High officials, Henry Kissinger reportedly once said, “learn how to make decisions but not what decisions to make.” The same may hold true for many district administrators and principals who are often removed from the day-to-day lives of teachers, students and their parents.
Boston-based Panorama Education wants to change that by helping schools and districts collect and analyze feedback from teachers, students and parents. It got a big boost toward this goal by securing $4 million in startup funds in an investment deal co-led by Mark Zuckerberg’s Startup:Education and SoftTechVC, with Google Ventures and Ashton Kutcher’s A-Grade Investments participating. Not bad for a company with over $500,000 in revenue.
Panorama’s system offers banks of surveys and questions designed to solicit feedback on all areas of school performance, including campus culture, academic expectations, student safety and parent engagement.
Results are aggregated into customizable online reports that allow users to filter and drill down by different criteria. Sample reports from schools and districts are currently available on the company website, some of which includes less-than-flattering responses.
The idea began when founder, Aaron Feuer, was still a high school student. In 2008 during his senior year at North Hollywood High School, Feuer served as president of the California Association of Student Councils. He traveled throughout the state asking students and teachers about how to improve schools, and nearly everyone said that feedback was paramount. He helped draft a California state bill, SB1422, that authorized schools to “establish a committee of pupils and teachers to develop a survey by which pupils may provide feedback to teachers.”
The bill passed in 2010, but Feuer wasn’t content. “That’s not how you make a difference in education, unfortunately. A few years later, when I was a junior [at Yale], I realized that nothing had happened.”
That’s when he and three of his classmates decided to develop a product that could put his idea directly into practice. They founded Panorama Education in April 2012. Within a year, Feuer says, 1,100 schools signed up. Currently, Panorama boasts more than 4,000 schools in over 250 districts, which includes the Los Angeles Unified School District and Aspire Public Schools. The company also has state-level contracts with Kentucky, Colorado, Massachusetts and Connecticut.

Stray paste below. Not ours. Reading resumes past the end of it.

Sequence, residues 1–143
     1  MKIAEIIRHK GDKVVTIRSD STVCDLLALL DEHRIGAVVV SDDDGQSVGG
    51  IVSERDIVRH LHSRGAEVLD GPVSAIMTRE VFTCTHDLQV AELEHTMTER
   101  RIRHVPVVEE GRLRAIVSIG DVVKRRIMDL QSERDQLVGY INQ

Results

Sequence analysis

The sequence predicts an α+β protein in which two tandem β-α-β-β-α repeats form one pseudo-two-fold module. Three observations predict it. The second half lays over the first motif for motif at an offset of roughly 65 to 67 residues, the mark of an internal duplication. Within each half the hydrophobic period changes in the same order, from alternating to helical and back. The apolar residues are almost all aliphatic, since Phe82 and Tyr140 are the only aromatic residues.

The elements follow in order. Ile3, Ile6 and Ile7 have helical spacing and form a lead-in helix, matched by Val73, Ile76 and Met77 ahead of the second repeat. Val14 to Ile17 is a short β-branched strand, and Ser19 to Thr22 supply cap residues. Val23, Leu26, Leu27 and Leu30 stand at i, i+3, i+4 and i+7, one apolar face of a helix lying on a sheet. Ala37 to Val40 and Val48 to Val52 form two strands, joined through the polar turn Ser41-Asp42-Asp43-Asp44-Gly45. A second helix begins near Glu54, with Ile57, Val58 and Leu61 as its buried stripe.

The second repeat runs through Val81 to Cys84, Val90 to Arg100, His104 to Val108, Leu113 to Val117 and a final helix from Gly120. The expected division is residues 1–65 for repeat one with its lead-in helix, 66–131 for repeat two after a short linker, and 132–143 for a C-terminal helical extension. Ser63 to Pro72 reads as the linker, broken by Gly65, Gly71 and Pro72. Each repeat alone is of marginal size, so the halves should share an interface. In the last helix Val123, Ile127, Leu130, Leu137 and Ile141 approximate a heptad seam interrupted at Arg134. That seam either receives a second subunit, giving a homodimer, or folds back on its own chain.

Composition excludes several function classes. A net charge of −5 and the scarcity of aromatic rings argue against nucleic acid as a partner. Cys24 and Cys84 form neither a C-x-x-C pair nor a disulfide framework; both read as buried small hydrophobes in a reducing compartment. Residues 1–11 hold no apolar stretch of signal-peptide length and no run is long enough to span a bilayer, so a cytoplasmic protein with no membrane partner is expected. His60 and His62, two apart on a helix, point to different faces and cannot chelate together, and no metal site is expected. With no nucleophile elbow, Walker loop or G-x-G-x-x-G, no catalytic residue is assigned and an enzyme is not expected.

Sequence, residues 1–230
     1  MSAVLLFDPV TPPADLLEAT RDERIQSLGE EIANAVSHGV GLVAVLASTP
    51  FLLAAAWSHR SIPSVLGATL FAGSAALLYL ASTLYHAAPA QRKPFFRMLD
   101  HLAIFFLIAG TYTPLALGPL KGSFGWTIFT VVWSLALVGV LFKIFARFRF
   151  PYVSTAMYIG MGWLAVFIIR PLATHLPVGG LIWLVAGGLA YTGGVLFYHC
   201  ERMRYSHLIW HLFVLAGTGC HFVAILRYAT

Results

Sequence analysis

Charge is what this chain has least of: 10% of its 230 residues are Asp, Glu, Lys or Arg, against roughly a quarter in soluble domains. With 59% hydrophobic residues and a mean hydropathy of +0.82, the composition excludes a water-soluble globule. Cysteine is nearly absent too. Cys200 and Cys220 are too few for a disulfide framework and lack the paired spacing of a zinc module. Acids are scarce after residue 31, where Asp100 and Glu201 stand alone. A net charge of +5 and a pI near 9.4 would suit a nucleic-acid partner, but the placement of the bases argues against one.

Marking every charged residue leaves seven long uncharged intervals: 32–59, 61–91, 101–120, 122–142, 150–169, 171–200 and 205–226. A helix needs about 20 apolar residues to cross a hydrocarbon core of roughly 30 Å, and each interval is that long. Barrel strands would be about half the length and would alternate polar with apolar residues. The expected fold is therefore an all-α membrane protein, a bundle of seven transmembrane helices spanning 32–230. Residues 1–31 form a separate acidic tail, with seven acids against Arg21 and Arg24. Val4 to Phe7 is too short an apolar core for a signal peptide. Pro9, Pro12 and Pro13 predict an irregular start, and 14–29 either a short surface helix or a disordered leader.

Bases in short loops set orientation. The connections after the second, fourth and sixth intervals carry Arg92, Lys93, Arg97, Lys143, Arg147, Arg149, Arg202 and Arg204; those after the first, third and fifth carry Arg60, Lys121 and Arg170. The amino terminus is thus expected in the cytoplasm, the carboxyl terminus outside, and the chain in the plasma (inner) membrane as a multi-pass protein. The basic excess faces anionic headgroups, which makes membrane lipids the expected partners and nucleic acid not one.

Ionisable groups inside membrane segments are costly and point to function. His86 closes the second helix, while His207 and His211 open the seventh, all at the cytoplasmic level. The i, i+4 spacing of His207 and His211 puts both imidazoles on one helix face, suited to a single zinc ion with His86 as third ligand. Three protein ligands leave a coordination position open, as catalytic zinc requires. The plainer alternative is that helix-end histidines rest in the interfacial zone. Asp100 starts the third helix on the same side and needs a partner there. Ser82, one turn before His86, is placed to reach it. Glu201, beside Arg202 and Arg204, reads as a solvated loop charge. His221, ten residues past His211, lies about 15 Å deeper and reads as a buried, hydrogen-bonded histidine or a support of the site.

“We went from focusing on student surveys to giving a voice to students, parents and teachers,” says Feuer. “Administrators and teachers really want this feedback. We’ve never had a district turn us down because it was too expensive.”
The company charges an annual fee based on district size and requested features, which--peculiarly--also includes handling paper surveys and snail mail. Currently, Feuer says the smallest contract is $200. The New Haven Independent reported its district is paying somewhere between $52,000 and $60,000.
Panorama is the first edtech investment from Startup:Education, a non-profit started by Mark Zuckerberg. Startup:Education began with a $100 million grant Zuckerberg made to Newark public schools in 2010. A Facebook representative says the investment money for Panorama is distinct from the Newark funds.
Panorama was part of the Summer 2013 class of Y Combinator, whose partner and co-founder Paul Graham introduced the team to the Facebook CEO when he stopped by for a guest speaker session.
One other Boston-based organization also supports the idea that surveying the community surrounding a school can result in pivotal insights. The Harvard University Graduate School of Education has teamed with Survey Monkey to offer schools a free bank of questions to use with parents. The work is based on a 2002 paper, A New Wave of Evidence, The Impact of School, Family, and Community Connections on Student Achievement, by Harvard Lecturer, Karen Mapp. By contrast, Panorama includes teachers and students in its surveys.
The first priority for Panorama’s team of seven, shares Feuer, is to “assemble a team of the best engineers as possible.” Further down the line, he says, they aim to offer tools other than surveys to “close the feedback loop so that schools can really understand how things are happening and how to improve.”